Per our policy, patients are treated with respect, consideration, and dignity, regardless of race, ethnicity, gender, sexual orientation, religion, country of origin, or ability to pay. We believe, fundamentally, that every person has equal dignity and worth, and our unwavering commitment to diversity, equity, and inclusion is rooted in this predicate principle.

Is there a policy specifically about supporting gender-affirming healthcare?

Led by the mission and goals of our Gender-Affirming Care Team (GACT), we aim to advocate and implement programs and services that provide inclusive health care and safe spaces on campus, increasing awareness and promoting gender equity across the University. Using a holistic and trauma-informed lens, we recognize the various intersectional identities of our students and trainees, and strive to meet them where they are in their individual gender journey.

SHWB considers gender-affirming hormone therapy a medical necessity and primary care service. Details about our mental health surgical readiness letter policy is available in in this document.

Have staff received trans awareness and inclusivity training, and is there ongoing training regarding the experiences and needs of trans patients?

All SHWB staff complete Safe Zone training as part of their on-boarding process.

Our providers participate in workshops with Helene Frances Hedian, M.D., Director of Clinical Education, Center for Transgender and Gender Expansive Health.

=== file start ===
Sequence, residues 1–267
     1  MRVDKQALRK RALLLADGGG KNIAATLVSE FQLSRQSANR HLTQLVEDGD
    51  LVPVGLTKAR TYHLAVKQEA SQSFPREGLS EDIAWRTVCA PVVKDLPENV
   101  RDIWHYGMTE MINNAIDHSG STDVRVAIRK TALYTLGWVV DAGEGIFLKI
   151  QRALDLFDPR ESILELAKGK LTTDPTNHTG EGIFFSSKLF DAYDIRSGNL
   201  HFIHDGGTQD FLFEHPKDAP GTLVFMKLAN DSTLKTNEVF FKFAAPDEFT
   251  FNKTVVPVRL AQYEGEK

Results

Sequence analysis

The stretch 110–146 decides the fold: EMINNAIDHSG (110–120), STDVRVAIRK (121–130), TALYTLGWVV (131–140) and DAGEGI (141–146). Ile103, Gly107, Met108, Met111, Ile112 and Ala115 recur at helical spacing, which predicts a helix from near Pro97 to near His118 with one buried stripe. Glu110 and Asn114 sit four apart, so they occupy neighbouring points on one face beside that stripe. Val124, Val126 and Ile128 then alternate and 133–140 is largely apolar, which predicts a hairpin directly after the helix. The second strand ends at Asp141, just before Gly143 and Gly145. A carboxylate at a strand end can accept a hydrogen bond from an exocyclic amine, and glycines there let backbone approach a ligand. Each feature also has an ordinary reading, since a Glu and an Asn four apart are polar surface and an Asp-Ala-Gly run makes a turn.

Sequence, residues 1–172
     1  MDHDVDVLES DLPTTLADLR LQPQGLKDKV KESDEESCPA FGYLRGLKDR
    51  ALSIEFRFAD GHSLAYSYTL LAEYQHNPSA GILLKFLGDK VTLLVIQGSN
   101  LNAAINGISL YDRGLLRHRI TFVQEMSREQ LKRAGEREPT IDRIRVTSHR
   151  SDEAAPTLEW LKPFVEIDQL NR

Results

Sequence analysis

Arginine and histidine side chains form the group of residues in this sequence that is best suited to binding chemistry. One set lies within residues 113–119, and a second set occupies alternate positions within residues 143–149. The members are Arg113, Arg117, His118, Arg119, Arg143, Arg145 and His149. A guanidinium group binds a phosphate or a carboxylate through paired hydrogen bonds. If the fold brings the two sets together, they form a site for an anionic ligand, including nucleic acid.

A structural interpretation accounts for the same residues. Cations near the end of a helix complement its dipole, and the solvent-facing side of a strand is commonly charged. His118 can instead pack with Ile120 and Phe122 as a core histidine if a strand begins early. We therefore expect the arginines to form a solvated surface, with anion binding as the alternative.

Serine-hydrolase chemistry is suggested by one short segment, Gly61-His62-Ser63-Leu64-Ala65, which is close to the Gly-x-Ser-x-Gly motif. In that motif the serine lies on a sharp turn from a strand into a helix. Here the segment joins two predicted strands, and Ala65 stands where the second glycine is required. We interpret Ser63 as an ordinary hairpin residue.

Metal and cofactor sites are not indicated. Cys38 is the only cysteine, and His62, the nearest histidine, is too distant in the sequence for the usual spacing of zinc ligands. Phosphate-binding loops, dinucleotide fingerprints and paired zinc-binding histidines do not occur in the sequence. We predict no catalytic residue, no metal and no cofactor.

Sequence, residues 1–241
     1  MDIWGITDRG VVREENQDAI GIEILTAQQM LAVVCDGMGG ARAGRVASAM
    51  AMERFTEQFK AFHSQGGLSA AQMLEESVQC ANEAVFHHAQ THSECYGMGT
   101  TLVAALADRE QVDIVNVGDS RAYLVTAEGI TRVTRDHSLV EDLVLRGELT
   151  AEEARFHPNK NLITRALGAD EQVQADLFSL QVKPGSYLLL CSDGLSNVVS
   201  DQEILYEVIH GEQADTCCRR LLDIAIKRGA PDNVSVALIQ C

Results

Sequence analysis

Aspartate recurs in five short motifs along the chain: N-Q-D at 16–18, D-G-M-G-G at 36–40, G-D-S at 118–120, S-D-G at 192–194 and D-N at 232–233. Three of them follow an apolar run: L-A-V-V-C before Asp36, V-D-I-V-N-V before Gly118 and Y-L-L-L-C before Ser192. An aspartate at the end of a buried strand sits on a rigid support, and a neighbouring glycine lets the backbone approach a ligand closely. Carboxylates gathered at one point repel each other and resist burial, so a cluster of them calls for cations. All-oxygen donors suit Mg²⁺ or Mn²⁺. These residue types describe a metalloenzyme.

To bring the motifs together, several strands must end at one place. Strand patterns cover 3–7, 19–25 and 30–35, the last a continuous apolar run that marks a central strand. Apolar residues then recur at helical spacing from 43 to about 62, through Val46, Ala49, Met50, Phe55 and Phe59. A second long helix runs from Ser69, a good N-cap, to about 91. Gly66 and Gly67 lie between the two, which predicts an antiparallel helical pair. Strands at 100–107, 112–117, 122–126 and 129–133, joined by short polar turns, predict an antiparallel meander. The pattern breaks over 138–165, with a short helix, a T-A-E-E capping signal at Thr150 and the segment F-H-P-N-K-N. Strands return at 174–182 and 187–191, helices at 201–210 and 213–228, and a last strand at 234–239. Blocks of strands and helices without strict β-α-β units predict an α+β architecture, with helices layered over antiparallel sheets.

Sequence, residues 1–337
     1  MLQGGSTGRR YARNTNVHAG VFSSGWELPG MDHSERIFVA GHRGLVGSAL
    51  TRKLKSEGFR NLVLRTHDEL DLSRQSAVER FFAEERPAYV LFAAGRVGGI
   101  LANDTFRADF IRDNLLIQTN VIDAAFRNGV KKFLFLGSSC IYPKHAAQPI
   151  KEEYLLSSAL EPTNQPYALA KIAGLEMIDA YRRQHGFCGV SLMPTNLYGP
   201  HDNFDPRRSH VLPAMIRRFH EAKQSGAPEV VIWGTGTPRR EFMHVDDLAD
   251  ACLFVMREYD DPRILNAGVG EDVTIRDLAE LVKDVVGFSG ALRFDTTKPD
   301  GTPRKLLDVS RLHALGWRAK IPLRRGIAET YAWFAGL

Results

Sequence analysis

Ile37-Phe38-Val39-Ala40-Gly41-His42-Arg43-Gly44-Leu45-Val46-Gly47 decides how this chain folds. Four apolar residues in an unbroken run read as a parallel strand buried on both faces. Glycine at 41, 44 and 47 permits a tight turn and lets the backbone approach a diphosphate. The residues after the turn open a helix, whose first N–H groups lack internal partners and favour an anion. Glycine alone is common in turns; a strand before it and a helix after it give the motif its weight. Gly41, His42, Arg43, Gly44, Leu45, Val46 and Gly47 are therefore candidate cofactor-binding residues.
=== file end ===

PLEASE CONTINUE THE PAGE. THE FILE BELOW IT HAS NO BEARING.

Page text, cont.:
We have several mental health services staff who have specialized training in the Gender ASSET model and who are familiar with the WPATH 8.0 standards of care.

Our mental health practitioners participate in continuing education and workshops on gender-affirming care and support of trans and gender-expansive clients.

Do your intake forms have options for people whose gender isn’t male or female?

Yes, there are multiple choices for genders and pronouns on our intake forms.

Can a recorded gender marker be changed in your system?

Yes. In our electronic medical record, we receive information on gender from the Office of the Registrar (Student Information System) as well as from our own intake forms. A student’s gender marker can be changed in either or both systems.

To change your gender marker in the SHWB electronic medical record, please update your gender when filling out intake forms prior to your visit.

To change your gender marker within your academic record, also known as the Student Information System (SIS), submit a request through the SEAM Case Management system.